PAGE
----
March 26 marked a field hearing in Richmond, VA, held by the Consumer Financial Protection Bureau (CFPB) to weigh regulations governing the short-term credit marketplace. They are eyeing credit options that include payday loans, installment loans, auto title loans, lines of credit and prepaid cards.
CFPB Director Richard Cordray had this to say, prefacing the hearing:
"Consumer credit is a relatively modern phenomenon, which grew up with the rise of the money economy itself and developed initially as a means of enabling consumers to make a purchase. At one time, that purchase might have been dry goods from the communityߣs general store; today, it could be a home or an automobile. The advantage of consumer credit is that it lets people spread the cost of repayment over time. Until recently, a bedrock principle of all consumer lending was that before a loan was made, the lender would first assess the borrowerߣs capacity to repay the loan. In a healthy credit market, both the borrower and the lender succeed when the transaction succeeds – the borrower meets his or her need and the lender gets repaid."
The CFPB indicates that they understand Americans choose all types of financial services based on affordability, flexibility and accessibility, including loans from traditional banks, consumer lenders, high-tech startups and big-box retailers. Cordray details worst-case payday loan scenarios of consumers who fold under strict repayment schedules, amass overdraft fees and find themselves under a heavy debt blanket. He goes on to say:
"We recognize that consumers have a legitimate need to access credit to meet their particular circumstances. But consumers need credit that helps them, not harms them. If the lenderߣs success depends on the borrower failing, market dynamics are not functioning properly. In these cases, the proper balance between lenders and borrowers is knocked off course and the “win-win” dynamic of healthy credit markets is no longer achieved. That is why we are holding this field hearing, so that we can begin to gain feedback on our approach to these issues."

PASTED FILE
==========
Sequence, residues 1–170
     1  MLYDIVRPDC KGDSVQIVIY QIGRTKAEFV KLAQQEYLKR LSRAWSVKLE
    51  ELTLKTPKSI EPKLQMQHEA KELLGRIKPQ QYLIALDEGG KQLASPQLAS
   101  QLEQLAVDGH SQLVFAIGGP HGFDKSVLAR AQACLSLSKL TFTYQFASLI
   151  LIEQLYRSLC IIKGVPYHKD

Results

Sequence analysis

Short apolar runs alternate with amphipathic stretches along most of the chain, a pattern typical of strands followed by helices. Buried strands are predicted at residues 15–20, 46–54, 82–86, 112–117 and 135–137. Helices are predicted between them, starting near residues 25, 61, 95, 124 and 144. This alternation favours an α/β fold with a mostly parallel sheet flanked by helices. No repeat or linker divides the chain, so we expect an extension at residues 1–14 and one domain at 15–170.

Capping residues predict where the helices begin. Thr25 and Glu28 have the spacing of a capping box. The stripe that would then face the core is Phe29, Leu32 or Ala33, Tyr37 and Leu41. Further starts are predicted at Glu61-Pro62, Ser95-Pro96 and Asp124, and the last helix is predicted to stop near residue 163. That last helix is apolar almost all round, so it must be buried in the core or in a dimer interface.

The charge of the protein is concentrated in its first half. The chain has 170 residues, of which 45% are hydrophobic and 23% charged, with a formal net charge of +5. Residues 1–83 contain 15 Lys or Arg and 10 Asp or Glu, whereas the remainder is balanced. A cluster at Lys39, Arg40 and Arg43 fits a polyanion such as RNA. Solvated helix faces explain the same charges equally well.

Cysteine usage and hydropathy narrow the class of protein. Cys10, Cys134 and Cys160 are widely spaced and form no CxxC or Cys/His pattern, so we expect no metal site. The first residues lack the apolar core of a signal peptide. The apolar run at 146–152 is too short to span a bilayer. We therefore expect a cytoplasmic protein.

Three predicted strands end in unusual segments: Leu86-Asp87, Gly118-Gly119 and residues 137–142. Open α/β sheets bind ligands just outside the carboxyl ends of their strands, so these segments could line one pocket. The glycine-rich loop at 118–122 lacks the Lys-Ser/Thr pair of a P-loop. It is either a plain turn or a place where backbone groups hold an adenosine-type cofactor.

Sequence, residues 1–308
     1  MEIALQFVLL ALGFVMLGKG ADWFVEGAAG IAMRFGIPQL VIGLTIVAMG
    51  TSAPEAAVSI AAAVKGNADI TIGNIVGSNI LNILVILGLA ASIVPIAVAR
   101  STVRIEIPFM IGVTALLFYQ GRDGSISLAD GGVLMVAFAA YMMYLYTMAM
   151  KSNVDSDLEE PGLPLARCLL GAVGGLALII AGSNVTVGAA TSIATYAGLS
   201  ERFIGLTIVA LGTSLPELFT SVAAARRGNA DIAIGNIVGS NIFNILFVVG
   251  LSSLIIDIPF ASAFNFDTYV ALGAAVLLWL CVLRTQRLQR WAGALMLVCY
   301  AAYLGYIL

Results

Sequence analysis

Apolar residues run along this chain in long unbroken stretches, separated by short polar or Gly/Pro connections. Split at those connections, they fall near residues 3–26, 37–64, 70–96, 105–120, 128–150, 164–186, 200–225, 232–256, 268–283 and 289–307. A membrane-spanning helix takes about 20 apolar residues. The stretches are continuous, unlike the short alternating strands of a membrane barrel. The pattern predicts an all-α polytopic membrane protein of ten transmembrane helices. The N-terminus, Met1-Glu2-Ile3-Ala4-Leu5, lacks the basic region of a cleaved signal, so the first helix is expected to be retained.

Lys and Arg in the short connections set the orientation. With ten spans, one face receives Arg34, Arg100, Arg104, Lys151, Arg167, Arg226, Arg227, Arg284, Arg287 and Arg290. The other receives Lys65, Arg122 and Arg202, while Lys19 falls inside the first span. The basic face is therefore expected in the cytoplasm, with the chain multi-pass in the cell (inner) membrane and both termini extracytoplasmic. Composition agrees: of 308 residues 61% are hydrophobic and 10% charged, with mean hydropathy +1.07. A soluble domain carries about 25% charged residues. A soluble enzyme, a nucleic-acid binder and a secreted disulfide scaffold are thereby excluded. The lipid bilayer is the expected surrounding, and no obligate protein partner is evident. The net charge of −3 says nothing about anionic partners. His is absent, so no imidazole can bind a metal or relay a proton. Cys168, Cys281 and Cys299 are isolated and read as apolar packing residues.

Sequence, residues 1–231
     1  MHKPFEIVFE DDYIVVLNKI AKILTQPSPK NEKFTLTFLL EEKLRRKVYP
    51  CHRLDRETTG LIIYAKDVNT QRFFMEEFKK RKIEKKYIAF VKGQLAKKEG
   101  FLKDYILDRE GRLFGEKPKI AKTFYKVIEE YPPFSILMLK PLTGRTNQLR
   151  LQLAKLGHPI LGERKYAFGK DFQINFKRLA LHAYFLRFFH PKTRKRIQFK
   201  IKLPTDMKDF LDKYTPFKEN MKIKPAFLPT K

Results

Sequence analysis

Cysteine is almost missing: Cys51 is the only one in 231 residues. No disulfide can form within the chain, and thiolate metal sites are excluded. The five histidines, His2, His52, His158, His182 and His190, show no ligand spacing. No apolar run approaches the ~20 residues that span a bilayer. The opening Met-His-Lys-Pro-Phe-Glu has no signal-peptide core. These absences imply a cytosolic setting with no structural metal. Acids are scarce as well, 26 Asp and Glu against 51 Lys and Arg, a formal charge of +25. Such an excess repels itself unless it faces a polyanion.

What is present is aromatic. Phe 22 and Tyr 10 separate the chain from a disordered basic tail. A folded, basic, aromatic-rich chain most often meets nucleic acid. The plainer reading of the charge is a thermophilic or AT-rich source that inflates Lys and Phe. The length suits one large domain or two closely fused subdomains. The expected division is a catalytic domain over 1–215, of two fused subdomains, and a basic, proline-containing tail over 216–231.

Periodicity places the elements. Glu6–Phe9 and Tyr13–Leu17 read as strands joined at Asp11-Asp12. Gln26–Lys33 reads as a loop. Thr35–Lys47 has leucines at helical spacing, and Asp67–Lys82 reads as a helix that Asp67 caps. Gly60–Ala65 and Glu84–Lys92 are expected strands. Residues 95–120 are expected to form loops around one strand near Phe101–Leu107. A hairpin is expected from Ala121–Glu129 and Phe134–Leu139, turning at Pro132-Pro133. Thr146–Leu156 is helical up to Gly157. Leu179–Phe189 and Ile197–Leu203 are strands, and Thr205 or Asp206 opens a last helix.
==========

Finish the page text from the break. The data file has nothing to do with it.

Blogger Patrick O'Shaughnessy of The Hill advocates that regulations must "strive to protect Americans' ability to access a variety of credit options, protect them from unscrupulous, unregulated lenders, and enable them to make informed financial decisions." He cites statistics from a Harris Interactive national survey that indicates consumers who borrowed from a regulated storefront payday lender found that 98 percent were satisfied or very satisfied with their experience. Further, lenders and regulators see very low complaints, with less than one percent of the CFPB complaints pertaining to payday loans.
As the CFPB considers the issue, eyes on the consumer credit and small business alternative lending industries will be watching to see what new regulations, if any, may come from these hearings.
Options for financing have grown exponentially to meet the borrowing needs of individuals and small businesses. As always, the market dynamics drives the availability of financial products and services available to the marketplace.
Has your small business struggled with traditional lending options?